“If you still have no plans,” Jack rasped. With McCoy, the most innocuous comments were loaded, and so Abbie reverted to the old habit of recasting Jack’s words in her head. The translation for Jack’s retort was thus rendered: If you haven’t picked up anyone yet, sure, Abbie, I’ll be Option B.


“Say, Jack, I was wondering—do you know SVU’s ADA at all?”

“Not well. I’ve only met her in passing, although her background is excellent—good enough that I wanted her for your position after you left.” Translation: She’s that kind of smart and sexy where she opens her mouth to debate the definition of mens rea and you envision doing her on your desktop. I had the same fantasies about you, Abbie.


“What’s her name?”

“Alexandra Cabot, if I recall correctly.”

“Not Cheddar.” Abbie signaled the bartender for another shot.

Jack’s puzzlement was obvious. “Come again?”

“Nothing.”

“Abbie.” Jack’s tone was gently chastising. If there was one thing she missed about him, it was that, this little chink in his armor that made her think the old bastard really does care about me.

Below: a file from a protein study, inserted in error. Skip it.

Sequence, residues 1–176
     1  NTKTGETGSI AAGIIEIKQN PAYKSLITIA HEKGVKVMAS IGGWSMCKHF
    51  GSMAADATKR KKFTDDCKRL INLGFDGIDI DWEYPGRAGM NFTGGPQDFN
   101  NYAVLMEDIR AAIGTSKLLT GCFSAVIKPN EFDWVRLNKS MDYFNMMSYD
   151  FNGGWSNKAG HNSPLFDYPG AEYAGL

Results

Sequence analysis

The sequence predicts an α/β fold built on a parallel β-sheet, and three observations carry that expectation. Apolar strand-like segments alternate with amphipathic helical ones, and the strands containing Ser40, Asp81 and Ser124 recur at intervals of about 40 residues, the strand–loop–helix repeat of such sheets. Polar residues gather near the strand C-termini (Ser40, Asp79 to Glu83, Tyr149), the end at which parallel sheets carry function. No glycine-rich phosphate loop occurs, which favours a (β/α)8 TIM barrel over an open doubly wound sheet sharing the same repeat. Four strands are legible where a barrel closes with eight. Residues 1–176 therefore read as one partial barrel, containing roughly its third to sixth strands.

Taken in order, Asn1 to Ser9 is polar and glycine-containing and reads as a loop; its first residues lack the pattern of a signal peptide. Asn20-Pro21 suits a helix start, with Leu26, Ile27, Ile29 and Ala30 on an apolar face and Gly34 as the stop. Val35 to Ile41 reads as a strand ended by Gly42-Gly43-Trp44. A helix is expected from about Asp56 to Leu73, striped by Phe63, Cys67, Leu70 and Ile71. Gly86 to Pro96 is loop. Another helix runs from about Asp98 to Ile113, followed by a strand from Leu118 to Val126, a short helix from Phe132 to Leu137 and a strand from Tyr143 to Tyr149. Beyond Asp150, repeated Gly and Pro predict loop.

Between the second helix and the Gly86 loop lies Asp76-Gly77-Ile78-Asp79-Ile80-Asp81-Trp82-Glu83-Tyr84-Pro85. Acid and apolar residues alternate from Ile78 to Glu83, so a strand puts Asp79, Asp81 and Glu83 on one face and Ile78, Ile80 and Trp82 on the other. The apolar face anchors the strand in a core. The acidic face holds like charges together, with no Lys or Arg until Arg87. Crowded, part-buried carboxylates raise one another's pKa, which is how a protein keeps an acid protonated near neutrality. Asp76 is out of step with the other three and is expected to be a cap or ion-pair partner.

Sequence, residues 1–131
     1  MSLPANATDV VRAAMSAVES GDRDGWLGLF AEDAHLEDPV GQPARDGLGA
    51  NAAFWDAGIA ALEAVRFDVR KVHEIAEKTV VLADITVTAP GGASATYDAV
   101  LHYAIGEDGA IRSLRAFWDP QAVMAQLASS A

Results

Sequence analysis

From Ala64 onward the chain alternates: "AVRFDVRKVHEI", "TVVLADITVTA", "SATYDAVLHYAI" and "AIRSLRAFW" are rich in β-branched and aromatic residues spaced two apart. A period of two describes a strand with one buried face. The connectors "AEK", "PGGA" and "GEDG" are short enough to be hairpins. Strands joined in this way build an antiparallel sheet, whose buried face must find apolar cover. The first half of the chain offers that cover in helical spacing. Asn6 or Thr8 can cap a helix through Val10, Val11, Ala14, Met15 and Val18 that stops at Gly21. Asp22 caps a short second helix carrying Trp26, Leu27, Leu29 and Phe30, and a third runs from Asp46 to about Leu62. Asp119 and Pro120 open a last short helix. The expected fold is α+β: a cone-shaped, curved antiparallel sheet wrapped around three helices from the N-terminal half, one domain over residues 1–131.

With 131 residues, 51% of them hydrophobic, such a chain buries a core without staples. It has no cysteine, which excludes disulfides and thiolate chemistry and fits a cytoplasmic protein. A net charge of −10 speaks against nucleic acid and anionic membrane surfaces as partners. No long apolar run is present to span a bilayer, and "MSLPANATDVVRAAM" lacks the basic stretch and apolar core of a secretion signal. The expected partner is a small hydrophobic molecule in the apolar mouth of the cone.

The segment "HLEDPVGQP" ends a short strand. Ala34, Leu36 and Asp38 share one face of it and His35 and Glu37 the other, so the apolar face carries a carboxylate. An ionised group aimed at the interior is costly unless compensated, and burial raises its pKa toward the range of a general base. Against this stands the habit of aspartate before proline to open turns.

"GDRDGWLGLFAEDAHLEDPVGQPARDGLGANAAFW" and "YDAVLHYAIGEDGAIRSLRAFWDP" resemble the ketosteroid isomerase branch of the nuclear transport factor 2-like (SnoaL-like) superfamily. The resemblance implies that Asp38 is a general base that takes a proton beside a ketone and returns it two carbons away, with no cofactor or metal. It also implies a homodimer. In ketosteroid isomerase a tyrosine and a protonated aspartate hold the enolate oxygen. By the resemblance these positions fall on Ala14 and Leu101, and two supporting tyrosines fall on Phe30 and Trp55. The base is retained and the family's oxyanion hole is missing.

“What?”

“This doesn’t have anything to do with the lovely Detective Benson, does it?” Translation: She’s not my type, but what the hell, variety is the spice of life and I’d happily let her handcuff me to the bed any day of the week, just like you did to her that one time, Abbie—.


Abbie twitched violently. Wait a damn minute. I never told him that.
  She cleared her throat. “It’s all in the past, Jack. Bourbon under the bridge.” Quickly, Abbie downed the second shot. It burned through her—much as Olivia Benson always did.

“Good,” Jack replied. “Because Lennie Briscoe told me he saw those two going at it like bunnies outside Rudy’s the other week.” Translation: Oh, good. I guess I still do have the power to piss you off, Abbie!


Fuck.
Abbie pinched the bridge of her nose. Okay, Alexandra Cheddar Cheese: This is war.

 

Eight Bourbons Later

In Abbie’s current state of mind she believed it wasn’t asking much for a sidekick, for some essentially good-natured, whiny worrywort who would piss and moan every second of the way as she would set about stalking the unassuming, skinny, and snottily named Alexandra Cabot. It would keep her grounded in reality, she thought. To her surprise, Ed was quite willing to play Ethel to her Lucy, Shirley to her Laverne. Or something like that. Or perhaps he assumed that by humoring her eventually she would give up, give out, give in, and they would go for drinks down at McGinley’s and partake of some fine—and available—female pulchritude down there. Or maybe he was hoping to be as lucky as Lennie and actually catch the blonde ADA making out with Detective Benson.